There are a group of people who create tons of stuff and get invited to festivals like the ars electronica. But there are also a bunch of people, who feel that they are not part of a community, because they’re still unknown. Of course they’re part of the community, but they’re anonymous.
Our most important communication tool is e-mail. People are spread all over the world, so e-mail is the big thing. It is also the way k10k is organized: Per is in Copenhagen, Token in London and I am living in San Francisco. The only way we can continue doing K10k is through email. We live in three different places in three different timezones and only rarely do we meet up, at festivals like these.
From which historical point the community started to develop her own life?
It was mainly a constant process. One could describe it as organic. I started out doing webdesign in 1994 which is quite a long time ago. A lot of the other people who create high-profile-sites started at the same time. In the beginning the community had no concrete name because it was so small. Finally about one or two years ago we started raising the community-issue.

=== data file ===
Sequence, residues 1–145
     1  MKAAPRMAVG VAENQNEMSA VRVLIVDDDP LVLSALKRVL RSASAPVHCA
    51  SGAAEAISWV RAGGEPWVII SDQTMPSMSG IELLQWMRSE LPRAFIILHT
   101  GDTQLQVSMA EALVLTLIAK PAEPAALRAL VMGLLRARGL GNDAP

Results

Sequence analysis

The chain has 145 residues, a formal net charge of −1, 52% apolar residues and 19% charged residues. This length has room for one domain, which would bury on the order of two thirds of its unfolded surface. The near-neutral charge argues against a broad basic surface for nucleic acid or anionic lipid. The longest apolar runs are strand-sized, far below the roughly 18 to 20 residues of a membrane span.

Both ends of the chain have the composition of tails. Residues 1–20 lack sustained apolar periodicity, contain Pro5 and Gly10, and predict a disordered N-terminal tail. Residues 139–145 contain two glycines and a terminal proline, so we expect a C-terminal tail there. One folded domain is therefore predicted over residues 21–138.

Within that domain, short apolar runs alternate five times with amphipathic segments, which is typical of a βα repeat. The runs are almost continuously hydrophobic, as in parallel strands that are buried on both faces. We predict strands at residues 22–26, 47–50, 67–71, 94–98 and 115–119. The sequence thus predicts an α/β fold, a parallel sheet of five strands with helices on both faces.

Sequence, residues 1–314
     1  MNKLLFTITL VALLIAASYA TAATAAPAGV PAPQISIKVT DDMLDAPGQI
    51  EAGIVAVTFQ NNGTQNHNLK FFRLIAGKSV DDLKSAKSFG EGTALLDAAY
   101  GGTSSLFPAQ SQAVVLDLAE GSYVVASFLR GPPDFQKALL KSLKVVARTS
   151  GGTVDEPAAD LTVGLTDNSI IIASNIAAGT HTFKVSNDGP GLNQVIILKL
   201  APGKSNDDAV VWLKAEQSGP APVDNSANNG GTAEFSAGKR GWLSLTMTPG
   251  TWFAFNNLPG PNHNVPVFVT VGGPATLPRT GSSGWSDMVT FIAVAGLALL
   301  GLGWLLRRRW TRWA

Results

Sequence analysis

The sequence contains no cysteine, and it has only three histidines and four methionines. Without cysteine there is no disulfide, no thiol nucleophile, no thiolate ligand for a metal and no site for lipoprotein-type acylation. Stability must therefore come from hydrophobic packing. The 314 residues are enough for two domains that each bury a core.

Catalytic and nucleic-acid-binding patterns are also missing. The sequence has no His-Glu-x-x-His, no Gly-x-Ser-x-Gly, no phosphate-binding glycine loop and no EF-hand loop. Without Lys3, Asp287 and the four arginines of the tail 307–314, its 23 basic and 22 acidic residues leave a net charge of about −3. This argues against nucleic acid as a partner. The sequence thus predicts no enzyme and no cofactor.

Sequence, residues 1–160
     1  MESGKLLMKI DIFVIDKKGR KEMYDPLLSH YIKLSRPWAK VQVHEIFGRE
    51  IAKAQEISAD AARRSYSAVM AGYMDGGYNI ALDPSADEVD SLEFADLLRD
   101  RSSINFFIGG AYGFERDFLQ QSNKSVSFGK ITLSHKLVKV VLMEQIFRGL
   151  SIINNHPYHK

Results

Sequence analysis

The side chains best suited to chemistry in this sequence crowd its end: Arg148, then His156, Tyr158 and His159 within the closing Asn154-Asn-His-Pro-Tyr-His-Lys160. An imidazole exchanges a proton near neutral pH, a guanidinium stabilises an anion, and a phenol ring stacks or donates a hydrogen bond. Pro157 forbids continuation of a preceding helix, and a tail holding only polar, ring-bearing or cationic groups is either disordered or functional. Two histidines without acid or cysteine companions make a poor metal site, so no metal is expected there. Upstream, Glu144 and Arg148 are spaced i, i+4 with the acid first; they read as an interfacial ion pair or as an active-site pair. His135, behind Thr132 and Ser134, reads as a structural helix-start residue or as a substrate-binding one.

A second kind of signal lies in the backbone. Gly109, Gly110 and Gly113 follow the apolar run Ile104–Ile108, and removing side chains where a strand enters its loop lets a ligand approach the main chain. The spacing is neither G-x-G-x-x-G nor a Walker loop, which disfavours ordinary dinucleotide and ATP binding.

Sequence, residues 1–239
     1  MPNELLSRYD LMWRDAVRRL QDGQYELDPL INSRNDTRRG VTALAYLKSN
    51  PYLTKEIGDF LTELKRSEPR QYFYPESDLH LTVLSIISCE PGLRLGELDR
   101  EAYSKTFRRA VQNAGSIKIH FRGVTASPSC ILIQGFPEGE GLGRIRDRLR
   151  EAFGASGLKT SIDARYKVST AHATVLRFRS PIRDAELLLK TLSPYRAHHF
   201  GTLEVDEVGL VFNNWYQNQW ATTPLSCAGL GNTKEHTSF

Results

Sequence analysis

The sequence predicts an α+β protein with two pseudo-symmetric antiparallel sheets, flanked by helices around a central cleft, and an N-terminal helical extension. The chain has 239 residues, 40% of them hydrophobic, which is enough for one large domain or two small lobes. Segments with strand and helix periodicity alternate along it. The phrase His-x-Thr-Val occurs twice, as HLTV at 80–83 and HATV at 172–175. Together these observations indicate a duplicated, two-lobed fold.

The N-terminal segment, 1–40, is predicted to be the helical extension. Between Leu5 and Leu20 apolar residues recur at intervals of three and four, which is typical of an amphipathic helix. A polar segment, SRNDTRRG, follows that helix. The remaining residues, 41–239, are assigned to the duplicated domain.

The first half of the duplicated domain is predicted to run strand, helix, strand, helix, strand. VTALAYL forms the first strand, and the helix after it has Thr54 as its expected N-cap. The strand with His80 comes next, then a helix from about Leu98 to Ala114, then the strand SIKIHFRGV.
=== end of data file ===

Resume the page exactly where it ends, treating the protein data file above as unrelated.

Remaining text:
Nowadays we have a ton of community sites similar to K10k, for example Surfstation (www.surfstation.lu), Three.oh (www.threeoh.com) or Pixelsurgeon (www.pixelsurgeon.com). People visit these sites for inspiration, linktips and to contribute to the community. When K10k started there only were two other sites, the japanese SHIFT (www.shift.jp.org) and DigitalThread (www.digitalthread.com). Today there are many and the community is growing.
Does a community give you a kind of backing in the design business and is a community necessary for the self confidence of webdesigners?
Community life has two sides: it can really back you up and give you support to increase the quality of your work, but on the other hand members can also tear you down quite a lot. That’s one of the main reasons why k10k has been shut down for the last one and a half months, we were sick and tired of people critizising most of our work. Maintaining k10k is a fulltime job and we basically were doing for free. So we decided to take a break for a while.
Everybody can become a online designer quite easily and get known instantly. It can happen very fast. If you create something exceptional, different from anything else seen before, in three days everyone around will know your name. Nonetheless, I think that webdesign should not be a matter of being known or unknown, it has nothing to do with rockstar business, there are no groupies.